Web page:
Wayne, Anthony (1745–1796), a United States army officer. Wayne was an able commander in the Revolutionary War and, after the war, against Indians in the Northwest Territory. He was known as "Mad Anthony" because of the boldness of his tactics and because of his courage, at times bordering on recklessness, in battle. Fort Wayne, Indiana, site of a fort he established in 1794, is named for him.

Wayne was born in Chester County, Pennsylvania, into a prominent family. He worked as a surveyor and then ran his family's farm and tannery. At the start of the Revolutionary War, he was commissioned a colonel and took part in the expedition to Canada. Wayne then commanded Fort Ticonderoga, 1776–77, and was promoted to brigadier general. He distinguished himself by bravery at the battles of Brandywine and Germantown. In 1779 he personally led troops storming the fortress of Stony Point on the Hudson River. For this, he received a gold medal and the thanks of Congress.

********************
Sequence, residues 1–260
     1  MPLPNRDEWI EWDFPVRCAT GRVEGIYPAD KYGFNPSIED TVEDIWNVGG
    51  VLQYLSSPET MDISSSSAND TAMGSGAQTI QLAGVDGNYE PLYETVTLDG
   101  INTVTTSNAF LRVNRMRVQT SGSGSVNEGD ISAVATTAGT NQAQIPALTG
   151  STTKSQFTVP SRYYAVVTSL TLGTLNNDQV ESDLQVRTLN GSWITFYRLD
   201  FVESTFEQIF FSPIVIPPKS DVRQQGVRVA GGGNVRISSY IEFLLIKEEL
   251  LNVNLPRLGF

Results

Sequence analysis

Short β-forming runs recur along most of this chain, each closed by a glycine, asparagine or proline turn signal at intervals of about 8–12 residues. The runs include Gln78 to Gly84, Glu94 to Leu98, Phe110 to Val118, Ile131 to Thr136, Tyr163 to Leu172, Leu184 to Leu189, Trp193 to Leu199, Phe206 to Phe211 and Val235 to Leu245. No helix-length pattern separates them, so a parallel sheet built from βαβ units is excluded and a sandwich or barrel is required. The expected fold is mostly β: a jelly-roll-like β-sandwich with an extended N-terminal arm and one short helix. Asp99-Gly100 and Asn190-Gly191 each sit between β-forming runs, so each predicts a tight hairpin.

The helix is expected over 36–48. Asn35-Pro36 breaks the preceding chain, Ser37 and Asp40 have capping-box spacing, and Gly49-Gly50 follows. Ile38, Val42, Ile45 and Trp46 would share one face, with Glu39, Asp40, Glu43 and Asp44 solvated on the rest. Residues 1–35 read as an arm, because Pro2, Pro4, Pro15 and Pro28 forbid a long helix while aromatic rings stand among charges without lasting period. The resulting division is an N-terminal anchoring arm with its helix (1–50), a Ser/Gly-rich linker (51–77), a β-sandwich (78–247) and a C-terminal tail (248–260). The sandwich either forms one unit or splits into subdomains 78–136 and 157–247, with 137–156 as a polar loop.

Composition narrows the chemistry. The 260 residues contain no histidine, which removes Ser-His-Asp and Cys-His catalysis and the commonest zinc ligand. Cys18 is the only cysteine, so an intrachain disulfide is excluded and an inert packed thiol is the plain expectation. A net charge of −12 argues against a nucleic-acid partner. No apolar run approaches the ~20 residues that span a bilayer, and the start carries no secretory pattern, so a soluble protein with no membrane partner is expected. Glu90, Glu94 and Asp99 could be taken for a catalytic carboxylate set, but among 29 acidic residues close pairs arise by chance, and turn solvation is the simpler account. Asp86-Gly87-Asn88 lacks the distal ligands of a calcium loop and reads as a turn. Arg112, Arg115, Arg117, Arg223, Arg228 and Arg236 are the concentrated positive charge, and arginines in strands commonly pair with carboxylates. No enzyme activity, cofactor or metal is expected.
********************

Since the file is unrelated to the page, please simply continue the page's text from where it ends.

In the Yorktown campaign (1781), Wayne, with 800 men, was ordered to attack what the American command thought to be a small British force. When Wayne discovered that his troops were opposed by 5,000 British soldiers, he boldly led a charge against their lines and in the resulting confusion withdrew with only minor losses.

After the war, Wayne helped drive hostile Indians out of Georgia. He later settled on a plantation given to him by the state. He represented Georgia in Congress, 1791–92. In 1792 Wayne was made commander of forces sent to the Northwest Territory to fight Indians who had won victories there. He drove the Indians as far as Fallen Timbers, near present-day Toledo, Ohio, and defeated them in 1794. The next year he negotiated the Treaty of Greenville, which ended Indian raids and opened Ohio and much of Indiana to settlement.